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Re: [Libguestfs] [PATCH] New APIs: hopen-device hopen-file hread hwrite hseek hclose hclose-all



On Thu, Aug 26, 2010 at 11:45:17AM +0100, Matthew Booth wrote:
> +    if (fd < 0) {

I believe that these error checks should be == -1 instead of < 0.
(There are several more below).

> +        reply_with_perror_errno(errno, "open %s failed", path);

Just use: reply_with_perror ("open failed: %s", path).
It's a macro which expands to the same as above.  There are several
more cases where the same thing is done.

> +            char *error = NULL;
> +            int len = asprintf(&error, "close handle %i failed: %m ", fd);
> +            if (len < 0) {
> +                reply_with_error("asprintf");
> +            }

Missing return statement.

> +            msg = realloc(msg, msglen + len);
> +            if (NULL == msg) {
> +                reply_with_error("realloc");
> +                return -1;
> +            }
> +
> +            memcpy(msg + msglen, error, len);
> +            msglen += len;
> +            free(error);
> +        }
> +    }
> +
> +    if (failed) {
> +        msg[msglen] = '\0';
> +        reply_with_error("%s", msg);
> +        return -1;
> +    }

Is there a way to do this without dynamic memory allocations?  How
about putting a fixed buffer on the stack which is the same length as
the maximum error message size (64K, so not too large for the stack):

  char errors[GUESTFS_ERROR_LEN];
  char *error_p = errors;
  size_t error_n = sizeof errors - 1;

  /* when you get an error ... */
  if (error_n > 0) {
    strncpy (error_p, strerror (errno), error_n);
    size_t n = strlen (errors);
    error_p = &errors[n];
    error_n = errors[sizeof errors] - error_p - 1;
  }

Or you could just return the first error ...

> +    return 0;
> +}
> +
> +char * /* RBufferOut */
> +do_hread (int handle, int64_t size, size_t *size_r)
> +{

Need to check that the handle is a member of the list.

You should also check that size < GUESTFS_MESSAGE_MAX, just to avoid
huge-but-not-fatal memory allocations at the next line.  See the
implementation of do_pread in daemon/file.c for an example.

> +    char *buf = malloc(size);
> +    if (NULL == buf) {
> +        reply_with_error("malloc");

reply_with_perror.

> +        goto error;

> +error:
> +    free(buf);
> +    return NULL;

But of a mouthful, just when we want to free a single value.  I
think the goto is unnecessary here.

> +int /* RErr */
> +do_hwrite (int handle, const char *content, size_t content_size)
> +{
> +    size_t pos = 0;
> +    while (pos < content_size) {
> +        ssize_t out = write(handle, content + pos, content_size - pos);
> +
> +        if (out < 0) {
> +            reply_with_perror_errno(errno, "error writing to handle %i", handle);
> +            return -1;
> +        }
> +        pos += out;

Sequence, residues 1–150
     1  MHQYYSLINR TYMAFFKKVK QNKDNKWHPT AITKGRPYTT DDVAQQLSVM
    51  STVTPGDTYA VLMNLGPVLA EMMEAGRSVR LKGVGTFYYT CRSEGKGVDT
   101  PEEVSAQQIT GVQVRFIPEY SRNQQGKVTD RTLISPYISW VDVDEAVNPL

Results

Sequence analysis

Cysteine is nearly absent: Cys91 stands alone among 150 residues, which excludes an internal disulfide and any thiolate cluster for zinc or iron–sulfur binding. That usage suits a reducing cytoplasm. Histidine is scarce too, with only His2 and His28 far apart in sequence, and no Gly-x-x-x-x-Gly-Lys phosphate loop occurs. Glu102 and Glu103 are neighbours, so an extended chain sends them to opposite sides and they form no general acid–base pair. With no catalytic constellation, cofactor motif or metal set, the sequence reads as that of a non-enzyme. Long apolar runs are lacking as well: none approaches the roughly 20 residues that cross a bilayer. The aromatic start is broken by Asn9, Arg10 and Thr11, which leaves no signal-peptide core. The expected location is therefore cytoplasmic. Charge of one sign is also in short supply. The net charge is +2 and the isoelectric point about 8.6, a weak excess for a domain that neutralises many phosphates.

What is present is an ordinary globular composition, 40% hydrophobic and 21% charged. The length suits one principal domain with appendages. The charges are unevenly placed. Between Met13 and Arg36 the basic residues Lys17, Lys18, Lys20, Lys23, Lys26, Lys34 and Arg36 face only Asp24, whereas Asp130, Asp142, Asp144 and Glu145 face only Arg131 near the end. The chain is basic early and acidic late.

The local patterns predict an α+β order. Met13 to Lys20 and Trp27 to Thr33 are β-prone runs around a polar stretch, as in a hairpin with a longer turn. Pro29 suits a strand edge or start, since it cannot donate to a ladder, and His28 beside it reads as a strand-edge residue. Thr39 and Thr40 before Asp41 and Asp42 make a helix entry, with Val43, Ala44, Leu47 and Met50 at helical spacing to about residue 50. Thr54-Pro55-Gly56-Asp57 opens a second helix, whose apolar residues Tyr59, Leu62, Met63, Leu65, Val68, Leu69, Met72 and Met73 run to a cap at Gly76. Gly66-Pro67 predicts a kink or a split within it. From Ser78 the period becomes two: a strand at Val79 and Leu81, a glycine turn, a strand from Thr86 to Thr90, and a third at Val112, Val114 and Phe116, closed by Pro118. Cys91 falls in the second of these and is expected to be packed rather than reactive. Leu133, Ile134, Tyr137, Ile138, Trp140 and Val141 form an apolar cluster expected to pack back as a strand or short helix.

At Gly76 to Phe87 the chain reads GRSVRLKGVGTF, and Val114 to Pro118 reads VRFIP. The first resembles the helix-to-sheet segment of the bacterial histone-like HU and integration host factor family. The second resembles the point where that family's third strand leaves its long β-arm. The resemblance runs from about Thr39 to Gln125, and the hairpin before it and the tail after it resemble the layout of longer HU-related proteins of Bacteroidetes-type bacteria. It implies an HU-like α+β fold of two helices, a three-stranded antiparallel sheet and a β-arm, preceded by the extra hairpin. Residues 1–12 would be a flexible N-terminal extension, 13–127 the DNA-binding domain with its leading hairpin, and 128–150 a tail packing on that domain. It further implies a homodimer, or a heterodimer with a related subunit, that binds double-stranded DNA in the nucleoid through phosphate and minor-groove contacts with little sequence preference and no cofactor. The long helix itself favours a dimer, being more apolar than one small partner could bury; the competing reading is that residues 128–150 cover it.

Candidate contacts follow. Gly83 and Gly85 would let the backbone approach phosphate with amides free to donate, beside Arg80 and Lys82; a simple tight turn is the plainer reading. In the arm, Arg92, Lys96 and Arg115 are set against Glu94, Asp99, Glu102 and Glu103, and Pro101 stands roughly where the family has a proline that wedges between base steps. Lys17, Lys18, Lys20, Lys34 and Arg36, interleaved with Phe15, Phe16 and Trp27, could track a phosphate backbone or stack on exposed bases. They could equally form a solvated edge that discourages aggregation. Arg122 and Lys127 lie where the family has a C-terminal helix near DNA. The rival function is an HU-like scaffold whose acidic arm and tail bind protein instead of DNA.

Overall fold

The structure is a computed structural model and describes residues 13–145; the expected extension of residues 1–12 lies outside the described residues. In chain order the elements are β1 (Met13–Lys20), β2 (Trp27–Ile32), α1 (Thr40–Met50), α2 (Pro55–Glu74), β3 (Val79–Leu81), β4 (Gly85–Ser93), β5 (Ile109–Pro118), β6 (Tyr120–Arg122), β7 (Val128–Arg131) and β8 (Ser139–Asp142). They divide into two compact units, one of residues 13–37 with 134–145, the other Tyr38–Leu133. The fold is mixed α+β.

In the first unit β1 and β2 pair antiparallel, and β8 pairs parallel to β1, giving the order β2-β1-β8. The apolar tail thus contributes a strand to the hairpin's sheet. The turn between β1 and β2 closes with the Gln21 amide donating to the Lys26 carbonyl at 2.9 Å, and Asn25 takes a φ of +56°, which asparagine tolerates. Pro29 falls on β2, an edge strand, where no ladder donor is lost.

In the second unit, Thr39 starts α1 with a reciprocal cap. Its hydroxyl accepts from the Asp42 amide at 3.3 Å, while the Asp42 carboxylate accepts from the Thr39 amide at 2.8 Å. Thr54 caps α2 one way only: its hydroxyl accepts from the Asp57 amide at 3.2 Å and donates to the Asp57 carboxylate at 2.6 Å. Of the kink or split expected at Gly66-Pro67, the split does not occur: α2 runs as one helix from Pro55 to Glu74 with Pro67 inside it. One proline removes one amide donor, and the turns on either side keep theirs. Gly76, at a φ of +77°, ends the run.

> +    }
> +
> +    return 0;
> +}

... and you were going to change do_pwrite as well.

> +# Create a 10M image file and add it to the handle
> +my ($fh, $path) = tempfile();
> +truncate($fh, 1024*1024*10);
> +close($fh) or die("close $path failed: $!");

In the other scripts we create a file in the current directory called
"test.img".  See regressions/test-lvm-mapping.pl for an example.

> +# As qemu is now running we can unlink the image
> +unlink($path) or die("unlink $path failed: $!");

... but unlinking the image early is a good idea.

> +my $string = "abcd";
> +
> +# Test read and writing directly to a block device
> +my $h = $g->hopen_device("/dev/vda", 2);
> +$g->hwrite($h, $string);
> +$g->hseek($h, 0, 0);
> +my $in = $g->hread($h, length($string));
> +
> +die("device: hread returned $in") unless($in eq $string);
> +$g->hclose($h);
> +
> +# Check $h is no longer valid
> +eval {
> +    $g->hseek($h, 0, 0);
> +};
> +die("device: handle wasn't closed") unless($@);

It's not really much of a test, writing and reading 4 bytes.

Aligned vs unaligned?
Seeking and writing in a large sparse file?
Writing past the end of a large file?
Writing past the end of a device?
Reading and writing large buffers (just below 2MB and over 4MB, the
latter should fail gracefully).

> +=over

=over 4
for consistency at least?

> +See L<guestfs_hopen_file> for a description of C<flags>.");

You should write:

  See C<guestfs_hopen_file> etc

> +This command writes all the data in C<content> to C<handle>.  It
> +returns an error if this fails.");

You don't need to say it returns an error if it fails.  It would be a
serious bug if it _didn't_ do this :=) and in any case the surrounding
boilerplate will tell the caller how to detect errors from the call.

Rich.

-- 
Richard Jones, Virtualization Group, Red Hat http://people.redhat.com/~rjones
virt-top is 'top' for virtual machines.  Tiny program with many
powerful monitoring features, net stats, disk stats, logging, etc.
http://et.redhat.com/~rjones/virt-top


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